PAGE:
EPMEPM: Best Practice & Legislation

Overcoming Owner Objections

AS A PROPERTY MANAGER, you’re almost always likely to face questions or objections from the owner of the property. Whether it’s for routine maintenance, emergency repairs, lease renewals or property vacancies, you need to know what you’re talking about so you can be sure you’re giving the property’s owner the right advice. Story by Lauren Kropp.

OVER THE LAST decade property management has become much harder and more time-consuming; legislation has changed and litigation seems to be the answer for even minor disputes.

The first lease I prepared was in 1997. It was typed on a typewriter with carbon copies; there were no such things as inventories, CMAs or online bookings. If someone had told me that in 18 years’ time we would be arranging for smoke alarms to be checked for every new lease, I don’t think I would have believed them.

And it’s not just me. Owners are also having trouble understanding the changes. When it comes to legislative items such as smoke alarm checks, blind compliance and pool certificates, the simplest way to explain is that landlords simply do not have a choice. If an owner refuses to comply, as a managing agent, you must cease management of the property to ensure you don’t end up at tribunal yourself.

My advice for you, as a manager, is to include this explanation in a monthly or quarterly newsletter, or as a note on all owners’ statements – something along the lines of ‘You may notice additional charges appearing on your statements over the coming months for smoke alarm servicing. These are legislative requirements and must be performed. Please see attached information.’

Other objections or issues you might face with property owners include:

It bewilders me that when it comes to due diligence there are still agencies that do not have a signed copy of either a 20A or a Form 6 on file; not even just a scanned copy. The rules are the same – without a signed copy you must immediately give the property to the owner to self-manage.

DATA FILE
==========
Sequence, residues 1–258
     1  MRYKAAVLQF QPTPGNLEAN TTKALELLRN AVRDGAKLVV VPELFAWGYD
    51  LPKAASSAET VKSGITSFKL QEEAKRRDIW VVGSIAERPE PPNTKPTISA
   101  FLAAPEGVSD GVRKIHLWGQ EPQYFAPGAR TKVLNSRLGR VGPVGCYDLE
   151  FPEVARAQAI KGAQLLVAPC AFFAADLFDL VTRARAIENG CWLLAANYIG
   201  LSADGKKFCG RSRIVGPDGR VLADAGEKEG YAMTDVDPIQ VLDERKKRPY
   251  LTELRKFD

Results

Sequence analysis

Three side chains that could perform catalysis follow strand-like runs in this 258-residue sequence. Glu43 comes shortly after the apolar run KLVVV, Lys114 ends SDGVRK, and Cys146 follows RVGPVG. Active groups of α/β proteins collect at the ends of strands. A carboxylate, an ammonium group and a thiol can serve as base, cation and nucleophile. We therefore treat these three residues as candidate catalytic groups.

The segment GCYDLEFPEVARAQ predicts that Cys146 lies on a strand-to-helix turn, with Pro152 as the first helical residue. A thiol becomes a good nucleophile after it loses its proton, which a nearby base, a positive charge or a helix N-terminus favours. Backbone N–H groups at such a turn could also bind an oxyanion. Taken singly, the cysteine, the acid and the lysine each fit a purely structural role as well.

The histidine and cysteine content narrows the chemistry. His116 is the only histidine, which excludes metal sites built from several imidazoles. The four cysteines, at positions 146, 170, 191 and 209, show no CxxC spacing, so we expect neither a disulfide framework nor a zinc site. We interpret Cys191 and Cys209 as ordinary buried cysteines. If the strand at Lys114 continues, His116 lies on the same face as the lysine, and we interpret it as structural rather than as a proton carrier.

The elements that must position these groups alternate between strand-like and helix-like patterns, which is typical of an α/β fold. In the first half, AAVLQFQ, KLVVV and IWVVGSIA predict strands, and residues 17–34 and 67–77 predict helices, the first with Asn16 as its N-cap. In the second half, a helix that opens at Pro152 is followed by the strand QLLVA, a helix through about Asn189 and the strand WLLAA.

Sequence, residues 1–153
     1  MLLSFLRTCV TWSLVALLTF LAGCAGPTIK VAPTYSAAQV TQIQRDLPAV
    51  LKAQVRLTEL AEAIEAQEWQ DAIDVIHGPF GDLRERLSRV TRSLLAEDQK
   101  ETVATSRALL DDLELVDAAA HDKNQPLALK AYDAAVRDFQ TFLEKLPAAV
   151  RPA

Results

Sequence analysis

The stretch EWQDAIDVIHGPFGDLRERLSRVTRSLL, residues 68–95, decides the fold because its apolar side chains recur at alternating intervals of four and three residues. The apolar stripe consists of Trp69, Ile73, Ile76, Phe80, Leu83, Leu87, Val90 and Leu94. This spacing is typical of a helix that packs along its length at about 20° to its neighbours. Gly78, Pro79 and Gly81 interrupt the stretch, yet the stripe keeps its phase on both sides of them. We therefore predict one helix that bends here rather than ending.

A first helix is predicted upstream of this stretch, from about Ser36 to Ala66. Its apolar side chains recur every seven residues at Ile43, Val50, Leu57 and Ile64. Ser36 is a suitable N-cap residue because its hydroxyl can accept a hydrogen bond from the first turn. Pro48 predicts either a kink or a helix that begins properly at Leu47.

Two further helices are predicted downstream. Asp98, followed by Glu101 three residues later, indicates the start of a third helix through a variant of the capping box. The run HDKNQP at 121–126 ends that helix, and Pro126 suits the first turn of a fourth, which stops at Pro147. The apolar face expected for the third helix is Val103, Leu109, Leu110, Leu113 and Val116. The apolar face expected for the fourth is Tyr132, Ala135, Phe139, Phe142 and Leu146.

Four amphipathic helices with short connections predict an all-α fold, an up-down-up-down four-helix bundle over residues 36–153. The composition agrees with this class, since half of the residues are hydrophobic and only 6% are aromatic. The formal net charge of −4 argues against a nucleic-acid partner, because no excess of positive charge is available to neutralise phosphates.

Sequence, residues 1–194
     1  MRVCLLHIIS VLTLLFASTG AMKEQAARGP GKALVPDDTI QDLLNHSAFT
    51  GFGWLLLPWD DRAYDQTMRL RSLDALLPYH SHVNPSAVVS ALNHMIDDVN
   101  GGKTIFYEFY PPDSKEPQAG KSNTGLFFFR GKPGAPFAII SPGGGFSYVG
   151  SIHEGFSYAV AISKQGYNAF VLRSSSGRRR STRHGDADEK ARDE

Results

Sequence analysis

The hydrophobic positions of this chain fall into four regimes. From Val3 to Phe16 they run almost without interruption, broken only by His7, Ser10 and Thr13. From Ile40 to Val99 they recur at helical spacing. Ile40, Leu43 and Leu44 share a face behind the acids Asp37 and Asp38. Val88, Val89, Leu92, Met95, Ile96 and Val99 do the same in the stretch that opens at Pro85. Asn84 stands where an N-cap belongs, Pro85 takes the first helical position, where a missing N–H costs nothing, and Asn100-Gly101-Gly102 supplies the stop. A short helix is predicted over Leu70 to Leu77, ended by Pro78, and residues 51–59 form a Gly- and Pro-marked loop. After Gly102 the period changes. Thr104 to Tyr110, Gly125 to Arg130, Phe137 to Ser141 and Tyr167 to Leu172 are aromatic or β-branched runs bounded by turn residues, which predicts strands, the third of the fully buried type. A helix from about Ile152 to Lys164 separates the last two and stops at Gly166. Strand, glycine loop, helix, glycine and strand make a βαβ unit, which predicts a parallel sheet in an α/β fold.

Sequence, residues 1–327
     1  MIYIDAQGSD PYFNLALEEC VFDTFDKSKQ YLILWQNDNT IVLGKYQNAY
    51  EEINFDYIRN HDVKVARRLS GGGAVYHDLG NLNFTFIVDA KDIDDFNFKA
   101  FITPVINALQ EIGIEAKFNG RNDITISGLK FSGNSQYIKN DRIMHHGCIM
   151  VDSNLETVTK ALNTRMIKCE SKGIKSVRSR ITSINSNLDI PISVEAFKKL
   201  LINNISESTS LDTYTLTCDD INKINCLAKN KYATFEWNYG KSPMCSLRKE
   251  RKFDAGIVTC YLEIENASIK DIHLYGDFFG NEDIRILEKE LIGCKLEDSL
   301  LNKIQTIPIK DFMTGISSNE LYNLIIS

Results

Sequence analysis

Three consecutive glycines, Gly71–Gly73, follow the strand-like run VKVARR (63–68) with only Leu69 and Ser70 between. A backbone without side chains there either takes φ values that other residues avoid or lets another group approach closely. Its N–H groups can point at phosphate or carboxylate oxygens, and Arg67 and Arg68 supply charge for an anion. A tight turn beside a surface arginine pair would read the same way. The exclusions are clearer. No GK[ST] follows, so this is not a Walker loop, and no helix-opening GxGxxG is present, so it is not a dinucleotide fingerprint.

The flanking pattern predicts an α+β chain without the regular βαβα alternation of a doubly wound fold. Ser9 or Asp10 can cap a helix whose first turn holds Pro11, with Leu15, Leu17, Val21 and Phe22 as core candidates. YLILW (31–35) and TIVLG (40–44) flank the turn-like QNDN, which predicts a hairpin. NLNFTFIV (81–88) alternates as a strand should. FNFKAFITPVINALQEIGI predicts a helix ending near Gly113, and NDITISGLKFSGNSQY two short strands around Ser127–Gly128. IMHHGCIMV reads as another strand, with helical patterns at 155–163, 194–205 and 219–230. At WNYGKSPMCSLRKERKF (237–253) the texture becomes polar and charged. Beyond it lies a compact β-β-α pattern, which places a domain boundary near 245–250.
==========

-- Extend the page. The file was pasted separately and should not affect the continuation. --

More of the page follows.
The rule is quite simple – if OFT find out you are managing a property without an agreement, you have been illegally representing the owner and should not have been collecting any fees for the period you have acted without a signed agreement. You will have to refund all fees collected back to the landlord and potentially face a heavy fine.

Dealing with tenant maintenance requests that are not urgent is always difficult. Each landlord will view these maintenance items differently and this is by far the toughest item to be agreed on. Although there is a lovely little section in the management agreement where the landlord indicates they agree for you to spend $500 or two weeks’ rent (for example), I strongly doubt they would be happy if you spent $450 on general repairs that may not have been urgent. That’s when the phone call comes in; the irate landlord asks you why you repaired the curtain rod, loose toilet seat and dripping tap without their knowledge and you reply that the tenant requested it to be done. Many landlords will not find this answer acceptable.

In short there are two types of landlords.

  1. Mr and Mrs ‘We appreciate your looking after our home as if it is yours’; and
  2. ‘Pay me the rent so I can pay my mortgage and that’s all I care about.’